Bluebird’s Lyfgenia utilizes a similar approach but with a more traditional form of gene therapy, one in which a virus is used as a shuttle to deliver a copy of healthy, adult hemoglobin-producing gene to bone marrow cells that is also meant to be a lasting treatment.

Are the new CRISPR gene-editing and Bluebird’s gene therapy treatments effective? Are they safe?

Both Casgevy and Lyfgenia have produced similar, and impressive, clinical trial results with few safety concerns. But that’s not to to say they haven’t shown any negative effects—and as new treatments, the companies will have to monitor their effects over the course of more than a decade to truly measure their lasting power and safety.

For Casgevy, regulators cited data showing that 29 of 30 patients had achieved the study’s main goal, which was to see patients free from those painful crisis events requiring hospitalization for at least one year. Some patients were able to live free of such crises for more than 45 months. Data had shown similar results for Lyfgenia.


“Today’s actions follow rigorous evaluations of the scientific and clinical data needed to support approval, reflecting the FDA’s commitment to facilitating development of safe and effective treatments for conditions with severe impacts on human health,” said Dr. Peter Marks, director of the FDA’s Center for Biologics Evaluation and Research (CBER), in a statement announcing the approvals.

That’s not to say the procedures involved in Casgevy’s and Lyfgenia’s administration don’t have some painful effects. The conditioning, chemotherapy stage of the treatment, as well as the monthlong reinfusion of healthy cells, can be painful and cause stomach problems. In children, especially, that can be a burden for them and their families—and chemotherapy conditioning comes with a risk of infertility, and even the potential to contract leukemia. Two patients in Bluebird’s Lyfgenia trial died of leukemia, though that was most likely not caused by the gene therapy, but by chemotherapy.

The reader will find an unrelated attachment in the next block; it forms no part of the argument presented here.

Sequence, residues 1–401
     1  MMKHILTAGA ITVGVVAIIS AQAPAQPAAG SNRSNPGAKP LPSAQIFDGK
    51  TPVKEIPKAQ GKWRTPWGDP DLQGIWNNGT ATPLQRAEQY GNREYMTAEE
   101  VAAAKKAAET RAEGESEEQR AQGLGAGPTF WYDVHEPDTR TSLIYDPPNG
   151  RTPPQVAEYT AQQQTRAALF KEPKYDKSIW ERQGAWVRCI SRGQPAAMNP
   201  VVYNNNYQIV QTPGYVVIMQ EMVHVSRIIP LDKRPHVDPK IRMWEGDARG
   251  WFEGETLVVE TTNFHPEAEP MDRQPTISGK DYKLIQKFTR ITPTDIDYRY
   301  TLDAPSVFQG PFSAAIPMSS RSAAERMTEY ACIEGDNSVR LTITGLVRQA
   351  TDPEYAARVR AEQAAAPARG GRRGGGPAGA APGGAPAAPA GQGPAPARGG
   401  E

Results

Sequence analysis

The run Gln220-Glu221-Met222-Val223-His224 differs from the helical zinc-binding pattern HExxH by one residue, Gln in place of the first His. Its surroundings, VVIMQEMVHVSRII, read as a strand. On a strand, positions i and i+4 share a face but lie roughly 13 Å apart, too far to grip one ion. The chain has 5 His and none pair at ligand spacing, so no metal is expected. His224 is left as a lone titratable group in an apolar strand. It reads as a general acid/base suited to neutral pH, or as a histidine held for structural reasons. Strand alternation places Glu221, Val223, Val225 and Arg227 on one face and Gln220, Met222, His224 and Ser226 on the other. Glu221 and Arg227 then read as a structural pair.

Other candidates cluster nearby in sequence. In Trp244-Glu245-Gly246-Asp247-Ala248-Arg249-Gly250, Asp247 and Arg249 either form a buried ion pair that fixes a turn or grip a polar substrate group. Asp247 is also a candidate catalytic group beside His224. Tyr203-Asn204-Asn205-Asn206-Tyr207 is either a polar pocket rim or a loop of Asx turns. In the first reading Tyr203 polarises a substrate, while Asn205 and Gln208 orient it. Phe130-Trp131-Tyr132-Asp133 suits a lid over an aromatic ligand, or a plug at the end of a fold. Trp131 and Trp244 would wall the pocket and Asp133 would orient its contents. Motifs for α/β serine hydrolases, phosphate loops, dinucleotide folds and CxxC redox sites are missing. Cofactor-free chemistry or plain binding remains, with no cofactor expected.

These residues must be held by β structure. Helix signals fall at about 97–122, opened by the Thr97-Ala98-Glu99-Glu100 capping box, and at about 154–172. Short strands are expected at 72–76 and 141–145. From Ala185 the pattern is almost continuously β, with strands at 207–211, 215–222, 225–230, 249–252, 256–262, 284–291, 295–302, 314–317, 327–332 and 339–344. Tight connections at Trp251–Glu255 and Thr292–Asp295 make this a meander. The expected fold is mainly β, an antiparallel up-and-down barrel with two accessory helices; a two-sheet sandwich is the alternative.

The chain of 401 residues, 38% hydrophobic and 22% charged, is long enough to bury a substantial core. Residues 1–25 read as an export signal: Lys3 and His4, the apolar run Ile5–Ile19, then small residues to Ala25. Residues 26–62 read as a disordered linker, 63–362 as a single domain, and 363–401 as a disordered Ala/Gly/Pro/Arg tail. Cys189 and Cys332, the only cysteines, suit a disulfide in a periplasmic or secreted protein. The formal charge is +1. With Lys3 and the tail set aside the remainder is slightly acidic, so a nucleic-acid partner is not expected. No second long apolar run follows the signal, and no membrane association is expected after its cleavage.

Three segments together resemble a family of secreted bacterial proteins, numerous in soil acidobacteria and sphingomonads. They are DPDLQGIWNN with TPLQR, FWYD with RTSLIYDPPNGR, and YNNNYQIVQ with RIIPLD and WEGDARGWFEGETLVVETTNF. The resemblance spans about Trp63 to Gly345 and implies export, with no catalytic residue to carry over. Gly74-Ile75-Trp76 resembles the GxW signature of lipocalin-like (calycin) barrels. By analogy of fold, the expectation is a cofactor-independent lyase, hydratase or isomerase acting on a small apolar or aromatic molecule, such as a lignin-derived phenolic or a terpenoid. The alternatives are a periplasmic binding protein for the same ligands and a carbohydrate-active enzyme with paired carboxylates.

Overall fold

The companies say they have been making efforts to improve and soften the conditioning process. And sickle cell disease patient-advocacy groups, and patients and their families, still hailed the landmark approvals.

“We’re enthusiastic at the Sickle Cell Disease Association of America about the FDA’s approval of this therapy, which could change the lives of people and families affected by sickle cell disease,” said Regina Hartfield, president and CEO of the Sickle Cell Disease Association of America, in a statement. “As the national advocacy organization for people with sickle cell, we’re strongly supportive of the new potentially curative option for treatment and excited for the future.”

How much will the new sickle cell gene therapies cost?

One critical question will be the cost for the treatments—both the list price, and what patients will have to pay out of pocket. Given the demographics of SCD in America, and the disease’s disabling effect, many patients are covered under government programs such as Medicaid and Medicare, according to government data. 

For those with private insurance, and the uninsured, available evidence shows that costs for genetic treatments can prove gargantuan, with list prices averaging anywhere from $1 million to $2 million, according to one analysis by the price watchdog group Institute for Clinical and Economic Review (ICER).  Although this full price isn’t expected to come out of a patient’s pocket after insurance and other financial arrangements, such as patient assistance programs, it can still prove a tremendously hefty tab, with some experts saying out of pocket costs can reach upwards of $40,000. 

Companies justify that massive price tag with the hope of a lifelong cure, rather than a life riddled with debilitating pain and hospital visits for managing the condition and its widespread health effects. Another driver is complexity. Treatments like Casgevy and Lyfgenia are highly personalized, with each patient serving as the source for the genes to be repaired— meaning every single infusion of these products entails a laborious and complex manufacturing process on top of the intensive nature of preparing for and receiving the treatments. 

Over the coming months and years, we’ll learn what the financial reality will look like for patients. But the approval of a CRISPR gene-editing treatment alongside a new gene therapy for sickle cell disease is undeniably historic. And it’s just the beginning. Vertex and CRISPR’s Casgevy, for instance, is also largely expected to be approved by the FDA for the treatment of another inherited blood disorder, beta thalassemia, by the end of spring 2024.